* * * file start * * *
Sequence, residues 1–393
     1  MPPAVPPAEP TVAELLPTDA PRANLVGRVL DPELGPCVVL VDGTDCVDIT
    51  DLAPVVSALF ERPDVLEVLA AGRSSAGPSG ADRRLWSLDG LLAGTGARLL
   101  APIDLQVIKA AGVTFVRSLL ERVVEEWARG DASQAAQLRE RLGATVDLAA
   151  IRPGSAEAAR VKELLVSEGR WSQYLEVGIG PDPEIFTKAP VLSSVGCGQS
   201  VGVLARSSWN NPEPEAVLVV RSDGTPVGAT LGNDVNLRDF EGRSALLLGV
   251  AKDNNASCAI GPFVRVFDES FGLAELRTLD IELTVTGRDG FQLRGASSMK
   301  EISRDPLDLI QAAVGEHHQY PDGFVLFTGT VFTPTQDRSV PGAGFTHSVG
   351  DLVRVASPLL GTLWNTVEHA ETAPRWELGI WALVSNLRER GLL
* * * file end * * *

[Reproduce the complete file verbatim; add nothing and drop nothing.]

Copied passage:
Sequence, residues 1–393
     1  MPPAVPPAEP TVAELLPTDA PRANLVGRVL DPELGPCVVL VDGTDCVDIT
    51  DLAPVVSALF ERPDVLEVLA AGRSSAGPSG ADRRLWSLDG LLAGTGARLL
   101  APIDLQVIKA AGVTFVRSLL ERVVEEWARG DASQAAQLRE RLGATVDLAA
   151  IRPGSAEAAR VKELLVSEGR WSQYLEVGIG PDPEIFTKAP VLSSVGCGQS
   201  VGVLARSSWN NPEPEAVLVV RSDGTPVGAT LGNDVNLRDF EGRSALLLGV
   251  AKDNNASCAI GPFVRVFDES FGLAELRTLD IELTVTGRDG FQLRGASSMK
   301  EISRDPLDLI QAAVGEHHQY PDGFVLFTGT VFTPTQDRSV PGAGFTHSVG
   351  DLVRVASPLL GTLWNTVEHA ETAPRWELGI WALVSNLRER GLL